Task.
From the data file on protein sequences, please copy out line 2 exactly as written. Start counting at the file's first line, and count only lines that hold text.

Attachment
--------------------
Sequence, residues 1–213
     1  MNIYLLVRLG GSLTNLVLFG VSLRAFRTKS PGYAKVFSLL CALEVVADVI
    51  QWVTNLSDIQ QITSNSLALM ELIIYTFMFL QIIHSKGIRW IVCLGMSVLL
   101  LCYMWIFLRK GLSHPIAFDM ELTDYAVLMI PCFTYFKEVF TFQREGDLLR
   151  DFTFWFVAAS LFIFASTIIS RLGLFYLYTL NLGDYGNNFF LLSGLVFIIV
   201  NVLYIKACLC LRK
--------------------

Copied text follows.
     1  MNIYLLVRLG GSLTNLVLFG VSLRAFRTKS PGYAKVFSLL CALEVVADVI